**»' •\; VOL. XX. ALGONA, KOSSUTH COUNTY, IOWA. WEDNESDAY, FEB. 25, 1891. PUBLISHED KVKHY WKDSTK8DAV * HALLOCK, Proprietors. JOS. W. HAYS. Editor. Terms of Subscription-. jne copy, one year. In advance --.Sl.50 f.One copy, six months, In advance 75 j«pne copy, three months, in advance 40 Rf Subscriptions continue till ordered stopped jind all arrearages are paid. JOOK AND JOB PRINTING. |The equipment of the RKPTTBUCAN Office for look and Job Printing 1s unsurpassed In this ounty. Steam power, .^•Advertising rates made known on appll- .atlon. This paper is the official ptiper of Kos- Suth county and the city of Algona, < Believing that the interests of the Be- mbllcan party in Kowmtlt «<mnty demand ll lioneit campaign next fall, the Upper 'es Molnes IH hereby cliurtangeil to state •r once, In closci- anil unettxilvocal law,-;-, [age. its exact poHitlnii npoii the tariff This challenge is issued In the iterests of the Kcpulillcau party and will ie kept in typo until it is answered. No. 81, The peopte of the United States have not yet heard the .last of the McKinley , nor 'of Mr, McKinley himself for liat matter. | If Gov. Boies has opened his mouth to ay any tking about'corn since that fatal rening in New York, we haven't heard hything about it. n '' Senator Quay should not have delayed jj so long his answer to the charges which fthe Democrats have been piling up at his |floor for a quarter of a century. ' Major McKinley will come in ahead jret'on the hoiae stretch. He has undying-fame in the bill that bears his name. Time and facts are vindicating the Mc- Oiitey bill. The. Democratic organs that are quoting "Tama Jim" Wilson on the corn Question are very careful in most cases |ot to print all that Mr. Wilson said on he subject, but pick out a sentence here ai«l another there that happens to suit heir peculiar purpose. You can prove &,nything'by isolating testimony. The Congregationalists do not believe fin "back- sliding." Rev. J. H.Kyle, the vly elected senator from South Dakota, a'Gorigrcgationalist minister and he |ill never vote with'the Democrats of |e United States Senate unless he first lakes himself loose from his creed and kos a prodigious "back-slide" into the bftil-ways of the worl'd. premonitory warning, by the Democrats, that the Republican party means business in '93. ABOUT LIFE INSURANCE COW. There is nobusiness so little understood and so much misunderstood as life insur anoe. No other business enterprise in the world affords its agents so many op poftunities for manipulating figures and juggling with statistics as the life insurance business. This explains why each successive agent who comes to town represents the best company. If ]if e insur ance was not now conducted upon the mutual. plaa-if all life companies were pure stock companies and tbe policy holder had no interest in the profits of the businocs-all other things being equal no one company could then claim to offer better advantages to the policy holder than another. As it is, perhaps no two companies doing business are equally desirable to the policy holdwand his right choice of a company in which to insure is a matter of dollars an<5 cents to him. It is astonishing that business men of good, sound judgment in matters of finance will invest their money at a disadvantage when it comes to buying life insurance. A business *nan who would send his money downcast to invest at 4 per cent, when the same money would find a ready market in ifc'he west at 7 and 8 per cent, would be rated as having very poor business judgment, and yet huwd reds of farmers and business men in Iowa are making just such .an investment each year. $1,500,000 were paid out byfthe people of Iowa last year to old lincflife insurance companies. The larger portion pf this vast sum, as .'shown by the State Auditor's report, went to companies in the east that were-only earning, according to the same report, from 4 to'5 per cent, interest. Western companies, ac cording to the .Auditor's report, were earning for theirpolicy holders from 6 to 1% per cent, interest. The easfhas no claim upon the west for the drain of such an enormous amount as annually pours into the coffers'of its insuYance companies. In the interest of home institutions and the great northwest, the advice of the REPUBLICAN K to keep your money in the west and patronize home institutions,. lio Democratic party will experience ae difficulty in deciding what it really |es/believe in at its next national con- Intion. There is a progressive element [ the party that more than half believes 1 reciprocity and other nineteenth cen- irytideas now. The -only Way for the Jjemecrats to settle the difficulty will be i d<*.as they have often done before—go jick'to the time of-Jackson and start (remagain. Thare is one thing we admire in Grover leveland and that is his sand. When he Incei-settles himself in a position, nothing QOrt of a revelation Hike that which ame to Saul of Tarsus can change his iiad ; iand nothing short-of a whirlwind Ian shift his avoirdupois. There is none if the "jumping jack",about Grover leveland. Some of the smaller lights ng the Democratic editors would do to-emulate the example of the stuffed ropbet. llf Eaimetsburg doesn't ah.ut up her sa- ons it will not be the fault of Judge jrr, wfcose charge to tiie Palo Alto and juigr last week called from the Re- rter thia comment: pudge barr's charge to th« igrand jury ...» Tuesday, was one of the clearest and nost pointed we ever heard in his Hon ' s court, jit is bard to see&ow grand rors, after having such expUeit instructs, and the law so clearly laid down to ?m can refuse to do their dafy, as has ten been the case in this couoty. The disaffected down at Humboldt ire H sputtering over Congressman Dolli- r's appointment of postmaster . : at that we, and the wore of the sputtering we io time to look over the more we are ^sfled that Mr. Dolliver knew wfcat be s about and made the appointment to the best interests of the Bumteoldt st office in his wind. We are sorry to the Kosmos so badly rattled over a le thing. Bra, Swiueburne is uot engthening his side of the argument by ling up column after cotumn O f abuse ftinst Mr. Dolliver. jor McKiuley is ««li eft earth aod withstanding his recent defeat and fabulous prices which his infamous is putting upon tin cups and ttie other essaries of life, he is still a protection- and still has faith that the people r ill eventually see the advantages secur? pi $o the country by the passage of (be j&Ktoley bill. There were BQ faJterimr >ne fl in Ws speech *.t Tolodo a few ~ SPEECH 0$' HON. WILLLsLM Mc&INLEY, JR. Delivered before the Ohio Republican League, at Tokdo, Ohio, on the evening of February 13, 1891.—Mr. President and Gentlemen of the Ohio Republican League:—It ie worth something in the discussion of .economic questions to have an avowal from our political opponents of the real meaning and effect of their economic theories. It is always well in political controversy to understand one another. It was therefore gratifying to the friends of Protection to have that eminent Democratic leader from the State of New York, on a recent occasion in the capital city <# our State, make open confession of the purposes which he and his party asesciates aim to accomplish by a Free-Trade'Tariff. Assigned to respond to the inspiring sentiment, '.'American Citizenship," he made "cheapness" the theme of his discourse, and counted it among>the highest aspirations of American life. Sis avowal is only that which Protectionists have al ways claimed to be the inevitable tendency of his Tariff policy, which exalts cheap goods r from abroad above good wages at home. * * •* * * This cry of "cheapness"'is not new. It rung through England nearly fifty years ago. It-was the voice and philosophy of Cobdea; it was the false and al luring appeal >urged for the 'reversal of Great Britain's industrial policy from Protection to Free-Trade. It was the hypocritical cant against which the beloved Kingsley thundered his bold denunciations—that dear anfl revered churchman, whoae memory is .cherishec wherever the English tongue i« spoken * * * * * I gratefully commend to the new leader of the Democracy she patri otic utterances of its old leader, Thomas Jefferson. I quote from one of Ma letters to Jean Baptiste Say: "The prohibiting duties we Jay on all articles of foreign manufacture which peudence requites us to establish at home, with the patriotic determination of every good citizen to use no foreign article which can be made within ourselves, without regard to difference of price, secures us against a relapse into foreign dependency." Also the following from his letter to Benjamin Austin: "We must now place the manufacturer by the side of the agriculturist. Experience has taught me that manufacturers are now as necessary to our independance as to our comfort, and if those who quote me as of a different opinion will keep pace with me in purchasing nothing foreign where an equivalent of domestic fabric can be obtained, without fegord to differwee »» vriej, it will not be our fault if we do not aooa a supply at home equaj to our 4e- us from the lowest to ~the very highest mnk of industrial progress; have lifted up our labor to that high plane so necessary to American citizenship and equal suffrage; have given to agriculture a home market unrivaled on the globe; have given to the nation's promises a name without a financial stain; have raised our national credit from dishonor to honor; our national obligations from a discount to a premiam. Every American must have a feeling of prWe in such a record. If we have cheap garments they are woven here; the wool was grown here; the labor employed faere; the machinry made here; the wages paid here, and the purchase price kept hsre, all promoting the general good; aN tending to the welfare and prosperity of the people. Shall we turn away from this? The weight of the nations is overwhelmingly on our side. Which is right? The British Government, whose colonies and dependencies, with two exceptions, have Protective Tariffs (applicable not alone to other na- tions.but operative against England itself \ or all the rest of the 'Civilized world? Call the roll of the nations-which are for Protection ? Germany, France, Italy, Spam, Mexico, Canada, 'South America, Portugal, Denmark, mmt of Australasia, Switzerland, Austria «nd Hungary, R us . sia, Sweden and Norway, and the United States of America. Which are against Protection? England, New South Wales and New Zealand. ***** We believe the American policy best adapted to our citizenship and civilization, and this belief 'is sustained by the highest American authorities from Wash ington down and'fay a hundred years of experience. Wfc know what it has already accomplished for a self-governed people. The world knows of the wonderful progress wefeave made. If this policy is to be revised it must be done not clamor and misrepresentation, not by schoolman and theorists, not by false hood and hypocritical solicitude for the poor man, nottoy exaggerated laudation of the cheap coat, but after the fullest discussion and*investigation by the sober and intelligent judgment of the majority constitutionally registered. It will never be 60 reversed while wo remain a nation of political equals. Time and experience have vindicated the great system. Time and truth will vindicate the new law, which was founded upon it. False witnesses will be confounded by the unimpeachable testimony of trade and experience. Their portents have already been impeached. False prophecy must fill before good times and abounding prosperity. 'Campaign prices have already been convicted as campaign lies. New industries are being founded; others now established are enlarging their capacity. Idle mills are being started. The only raenance to our advancement and prosperity, to our wage-earners and farming interests, is the party which is pledged to the repeal of the new law and the substitution of the British system in its place. F«ree and full discussion will avert the danger. Nothing elee will. make and can't make ourselves, and which we have to buy, if we buy it all, of the foreign manufacturer and for which we have to pay the price asked, tariff and all added on. The true protective tariff does not necessarily add to the price of the commodity. Any talk that it does in the face of the fact that it does not is only the talk of a "nincompoop." SIFTINGS. Ottumwa Courier: The conditions for the Republicans to gain control of the state in such a manner as to rob the Democracy of any further hopes of a Canaan in Hawkeyedom are excellent. Governor Boies has an elephant on his hands —in fact a whole managerie. His calamity speech has incensed the farmers. His hesitation in investigating Boss Dunn, the Pooh Bah oil inspector, has demonstrated his lack of courage. His many pardons of wilful and persistent violators of law, has demonstrated that he has no sympathy with the sovereign will of the people if it affects his chances for reelection. Tariff Pictures. from the New York Press. Undoubtedly the American hatter is encroaching year by year on the foreign hatter, and the reason is that the quality of hats is constantly improving awJ the price decreasing. The average annual valoe of hats, bonnets and hoods and the materials therefor imported from 1885 to 18S9 (five years) wao $3,t)30,900. IB 1890 it was $2,798,554, R'dccrease of 31 per cent.; amwunt of decrease largely made up by domestic manufacturers for consumption. Tapestry brusse'ls carpet was advertised in the Sunday papers as low as ' _^ 42 cents a yard. Why, that 'is actually less than the duty, which is 28 cents a yard and 40 per cent, ad valorem, or '' 44.8 cents. And yet they tell you that the tariff taxes the, workingmari's carpet L, J. ' * ' ' '"•''. '' ,/;*• In 1873 we produced 6,000 boxes of raisins. The 'production has been gradually incrasing until the money value of that crop has reached $3,000,000 annually. The McKinley bill puts 2J£. cents per pound duty on raisins, which is 50c. per box of 20 pounds. The pack of 1889 was 1,672,195 boxes. In 1890 it was 2,197,483 boxes. Galbraith's New Spring Goods HAVE ARRIVED. FOR BARGAINS GO TO G. L, Galbraith & Co. The Cash Store Price Current Buy where your Dollar goes the farthest. 1 dozen clothes pins for $ 01 One package 5 cent yeast for 03 One package soda (strictly pure) 05 One package Dixon stove polish 05 One box axle greose 06 One box Lewis lye ' 10 -»— * ..... J.W _._ oww ^ .IWUUViHJ JUI UUI We sell other goods in proportion to the above. We are agents for ROCK SALT for stock. 32 bars good laundry soap (1 box).. 90 on 15 S> 9 hoice butter crackers (1 box) 1 00 20 Ibs. Crystal rice (try it) 1 00 12 Ibs. California dried grapes l 00 12 Ibs. choice raisins i GO A good lantern for only 35 &Langdon, « i .»**i^^^V^8WLrtU / V.W^.>3»^.«.. l i*....... ., ^...^tl , WHICH IS THE NINCOMPOOP? The readers of the REPUBLICAN will be interested to know what the Algona Courier had to offer further last week on the woolen goods question, and the question of Reciprocity. We publish below all the Courier had to say with reference to either question. The Republican in its silly way argueg that an increase of tariff doesnotincrease the price of the goods upon which the tariff is laid, and supports its argument by saying that Mr. Foss pays no more for Increase home production, 60 per cent, in 12 months. Raisins are better and cheaper since we produce them at name. "With a Chinese tariff wall," says the free traders, "we keep out the goods of other countries until our unselfish foreign friends positively refuse to help us make the World's Fair a success." And yet the increase-of imports in 1890 over those of five years 1 '' average (1885-89) was $126, 436,009. Imports average 1885 to 1889. a nr, CADY & HALLQCK, BURT, IOWA. Import? of 1890. Illllli • Jill .,_• Increase nearly 20 per cent. his imported'goods thanlieretofore" McKinley bill raised the tariff The •-•-• — .-..„. on nearly all, if not all, woolen goods, and there is no possible avoidance of the result of an inciease of price on such woolen goods that are imported. Possibly the goods that Mr. Foss has been buying where imported before tke enactment of the Me- Kiuley bill, and-that the wholesaler did not advance the (price on them. But the talk that an increase of tariff does not increase the price on the imported goods is only the tnlk of* nincompoop. The same old tactics again. Whenever he is fairly cornered in an argument on the tariff question, Hinchon like other Democratic editor in the every .— country immediately rererts to the original proposition that "the tariff is a tax" anyway, any and all facts which go to prove the contrary not-with-standing. This is the style of logic employed by the "profound philosopher and political economist" of the Courier. A tariff is not necessarily a tax—that is a protective tariff— No argument on this point is necessary to convince any man of intelligence. Tapestry Brussels carpet was advertised in the New York papers a few days ago for 42 cents a yard. The tariff on tapestrv Brussels carpet amounts to 44.8 cents and yet "the talk that an increase of tar iff does not increase the price on tap imported goods is only the talk of a nincompoop" is it? Look at the history of wire nails and many other articles, under the, protective tariff system. The kind of a tariff advocated by the "profound and political «spsn$mM' pf u Hoggs' Family Medicine*. These medicines are daily gaining greater popularity, and the steadily increasing demand for them can only be accounted for by their true merit. They aro prepared with the utmost care.aud each medicine is put up for a particular disease Every bottle is guaranteed to do all that is claimed for it on the that no one who buys a, bottle of Beggs' Family Medicines can be de disappointed. Sold by F. W« Dingley. 10-23 Galbraith's $3.25 ladies bright dongola shoes are as good as other $8 shoes. Constipation poisons the blood; De Witt's Little Early Risers cure constipatien. The cause removed, the disease is gone—Sheetz -+~, 9t ~, Notice of City Election. Ambrose A. Call, I>. H. Hutchins j. O . Blackford, __ _ "esioent. Vice-President. Cashier FIRST NATIONAL BANK, I ~ to gC2KS?^8«Si^J!ss«!B5r,» "«»" - *~ C. . K. M. Z. GROVE . °" E LIVERY, FEED, AND SALE STABLE. Best of Horses and Carriages West of Tuorington House. M -, OD r»\f,- „ ., — __ _ _ M. z. GROVE, MANAGER. » v<,«rv ll be j eb y«given that Monday, March 2.1891, is the time for holding the city election. The officers to be elected are a mayor, a city solicitor, an assessor, and one alderman from each of the four wards in the city. J, B, JONES, Mayor, REPUBLICAN CONVENTION. A delegate convention of the republicans of the city of Algona will be held at court house hall on Saturday evening. February 28th, at T :30 o'clock, for the purpose ot placing in nomination candidates to fill the offices of mayor, treasurer, assessor, and cUy solicitor. The various wards will be entitled to representation as follows: First ward... 4 Third Ward 3 Second ward 5 Fourth ward 4 J. W. W4OSWO8TH, Chairman. CAUCUS NOTICE. First Wards-Kepubjjcan caucus for the purpose of placing in nomination a candidate for alderman from the 1st ward and choosing four delegates to utteud the citv convention J8S.W & ott oa TUursday eveuinff 8,8. SESSIONS, Com. Secoutl Ward.—The Bepublicans of tne 2nd ward will meet lu caucus at l^au^on'd office Friday evening, Fob. yj. C. M. DOXSJKB, Com. th^Sf 41 * v ? ar f?iT T ^? §epublican caucus for tUe 4th ward wUlbe held lu the Court House ball, Friday eveS)^ y&. $, a "7 -30 o'ciook? fMltfS OtABKB. C«». ! City ei IT WILL PAY YOU -TO CALL AT IF YOU ARE IN NEED OF Election is Over-So is High Prices FARM LOANS. to ten H. HOXIE, Algoua, At Lowest Bates a»ei optional payments, Interelb payable at our ontce. If you want a loan call on us. We ean save you money, & SUITS, Note Heads and THEM AT J '$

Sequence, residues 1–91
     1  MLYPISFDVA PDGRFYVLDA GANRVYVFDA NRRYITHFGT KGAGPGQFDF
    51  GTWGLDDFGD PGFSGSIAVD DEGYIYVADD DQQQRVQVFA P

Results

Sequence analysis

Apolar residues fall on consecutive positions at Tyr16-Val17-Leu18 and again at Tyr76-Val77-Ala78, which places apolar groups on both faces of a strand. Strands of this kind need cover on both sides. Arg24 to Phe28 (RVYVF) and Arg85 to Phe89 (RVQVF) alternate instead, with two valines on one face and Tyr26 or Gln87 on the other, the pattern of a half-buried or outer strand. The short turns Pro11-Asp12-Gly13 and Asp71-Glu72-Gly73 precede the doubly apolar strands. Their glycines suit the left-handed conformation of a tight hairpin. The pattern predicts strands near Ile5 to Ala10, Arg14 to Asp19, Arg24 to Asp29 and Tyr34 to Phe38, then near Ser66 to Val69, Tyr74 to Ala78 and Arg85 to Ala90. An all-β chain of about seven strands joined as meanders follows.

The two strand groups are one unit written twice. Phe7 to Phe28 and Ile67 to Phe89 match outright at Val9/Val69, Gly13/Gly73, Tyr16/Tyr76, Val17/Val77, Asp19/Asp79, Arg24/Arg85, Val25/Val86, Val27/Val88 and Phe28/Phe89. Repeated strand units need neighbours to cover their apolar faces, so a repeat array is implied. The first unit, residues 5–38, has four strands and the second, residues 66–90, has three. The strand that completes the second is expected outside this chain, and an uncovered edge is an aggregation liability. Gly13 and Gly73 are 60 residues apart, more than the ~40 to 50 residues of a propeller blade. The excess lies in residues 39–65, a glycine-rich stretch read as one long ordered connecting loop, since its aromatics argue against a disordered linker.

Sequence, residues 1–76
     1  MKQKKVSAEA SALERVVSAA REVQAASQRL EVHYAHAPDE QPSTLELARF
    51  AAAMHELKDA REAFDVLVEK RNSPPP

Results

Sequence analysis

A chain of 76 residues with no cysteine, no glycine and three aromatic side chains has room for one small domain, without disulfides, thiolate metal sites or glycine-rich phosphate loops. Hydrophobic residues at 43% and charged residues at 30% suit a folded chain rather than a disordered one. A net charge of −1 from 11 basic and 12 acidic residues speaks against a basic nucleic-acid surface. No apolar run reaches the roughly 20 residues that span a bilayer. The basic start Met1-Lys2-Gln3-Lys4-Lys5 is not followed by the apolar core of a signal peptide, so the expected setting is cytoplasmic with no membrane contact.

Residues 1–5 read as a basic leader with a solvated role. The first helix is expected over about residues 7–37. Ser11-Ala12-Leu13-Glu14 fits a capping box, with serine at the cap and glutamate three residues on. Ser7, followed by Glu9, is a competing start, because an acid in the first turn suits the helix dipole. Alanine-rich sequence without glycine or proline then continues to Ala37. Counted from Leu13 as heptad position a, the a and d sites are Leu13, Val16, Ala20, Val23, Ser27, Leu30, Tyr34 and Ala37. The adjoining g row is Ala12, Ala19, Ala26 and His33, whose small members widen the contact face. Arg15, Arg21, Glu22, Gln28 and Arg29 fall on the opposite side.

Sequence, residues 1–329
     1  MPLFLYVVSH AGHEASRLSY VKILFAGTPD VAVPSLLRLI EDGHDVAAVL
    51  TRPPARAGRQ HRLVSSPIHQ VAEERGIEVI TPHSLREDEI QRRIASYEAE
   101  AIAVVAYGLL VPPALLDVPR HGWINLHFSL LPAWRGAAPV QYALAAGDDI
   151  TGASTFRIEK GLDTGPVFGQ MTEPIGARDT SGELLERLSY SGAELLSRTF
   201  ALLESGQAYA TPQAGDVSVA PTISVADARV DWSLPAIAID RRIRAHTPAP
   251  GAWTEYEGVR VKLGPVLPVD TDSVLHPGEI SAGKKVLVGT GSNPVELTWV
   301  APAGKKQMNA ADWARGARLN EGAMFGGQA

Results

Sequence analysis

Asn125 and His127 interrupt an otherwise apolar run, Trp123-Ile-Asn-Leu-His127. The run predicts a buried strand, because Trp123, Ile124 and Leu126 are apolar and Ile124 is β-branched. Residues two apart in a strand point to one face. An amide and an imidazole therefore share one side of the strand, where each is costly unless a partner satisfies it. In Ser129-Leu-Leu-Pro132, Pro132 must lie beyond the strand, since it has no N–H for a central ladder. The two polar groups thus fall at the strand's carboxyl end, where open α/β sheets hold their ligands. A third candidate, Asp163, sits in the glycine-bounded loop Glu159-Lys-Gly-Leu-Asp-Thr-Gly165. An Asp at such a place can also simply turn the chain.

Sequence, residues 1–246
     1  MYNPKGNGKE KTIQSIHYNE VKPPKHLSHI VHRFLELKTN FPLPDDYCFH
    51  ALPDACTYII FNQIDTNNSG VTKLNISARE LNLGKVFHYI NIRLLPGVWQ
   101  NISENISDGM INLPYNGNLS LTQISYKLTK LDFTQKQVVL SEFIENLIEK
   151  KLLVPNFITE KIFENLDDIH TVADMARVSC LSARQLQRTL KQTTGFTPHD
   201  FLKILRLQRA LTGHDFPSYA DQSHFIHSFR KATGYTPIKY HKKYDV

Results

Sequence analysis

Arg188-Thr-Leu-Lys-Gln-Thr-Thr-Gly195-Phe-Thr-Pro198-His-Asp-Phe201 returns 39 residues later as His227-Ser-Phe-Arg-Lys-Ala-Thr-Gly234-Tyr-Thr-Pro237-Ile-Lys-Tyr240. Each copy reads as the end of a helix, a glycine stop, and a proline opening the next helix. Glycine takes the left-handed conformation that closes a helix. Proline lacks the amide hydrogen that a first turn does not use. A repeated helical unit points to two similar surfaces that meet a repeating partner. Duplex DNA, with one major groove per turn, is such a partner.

Get full access with a Free Trial

Start Free Trial

What members have found on this page